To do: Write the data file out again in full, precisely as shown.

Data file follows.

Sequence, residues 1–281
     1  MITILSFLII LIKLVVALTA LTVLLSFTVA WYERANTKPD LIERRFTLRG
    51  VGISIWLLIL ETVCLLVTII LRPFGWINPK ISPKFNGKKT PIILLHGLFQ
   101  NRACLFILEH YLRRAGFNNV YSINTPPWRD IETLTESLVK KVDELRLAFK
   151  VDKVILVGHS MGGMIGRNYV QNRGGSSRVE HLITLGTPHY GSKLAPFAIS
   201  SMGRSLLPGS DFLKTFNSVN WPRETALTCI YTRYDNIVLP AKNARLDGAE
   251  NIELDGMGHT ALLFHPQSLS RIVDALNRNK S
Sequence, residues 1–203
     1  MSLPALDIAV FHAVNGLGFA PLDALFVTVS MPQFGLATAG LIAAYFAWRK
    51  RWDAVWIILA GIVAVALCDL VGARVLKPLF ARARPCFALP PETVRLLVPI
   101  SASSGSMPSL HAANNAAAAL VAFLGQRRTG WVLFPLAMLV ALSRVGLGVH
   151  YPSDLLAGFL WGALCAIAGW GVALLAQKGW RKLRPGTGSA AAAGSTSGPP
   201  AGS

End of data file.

Sequence, residues 1–281
     1  MITILSFLII LIKLVVALTA LTVLLSFTVA WYERANTKPD LIERRFTLRG
    51  VGISIWLLIL ETVCLLVTII LRPFGWINPK ISPKFNGKKT PIILLHGLFQ
   101  NRACLFILEH YLRRAGFNNV YSINTPPWRD IETLTESLVK KVDELRLAFK
   151  VDKVILVGHS MGGMIGRNYV QNRGGSSRVE HLITLGTPHY GSKLAPFAIS
   201  SMGRSLLPGS DFLKTFNSVN WPRETALTCI YTRYDNIVLP AKNARLDGAE
   251  NIELDGMGHT ALLFHPQSLS RIVDALNRNK S
Sequence, residues 1–203
     1  MSLPALDIAV FHAVNGLGFA PLDALFVTVS MPQFGLATAG LIAAYFAWRK
    51  RWDAVWIILA GIVAVALCDL VGARVLKPLF ARARPCFALP PETVRLLVPI
   101  SASSGSMPSL HAANNAAAAL VAFLGQRRTG WVLFPLAMLV ALSRVGLGVH
   151  YPSDLLAGFL WGALCAIAGW GVALLAQKGW RKLRPGTGSA AAAGSTSGPP
   201  AGS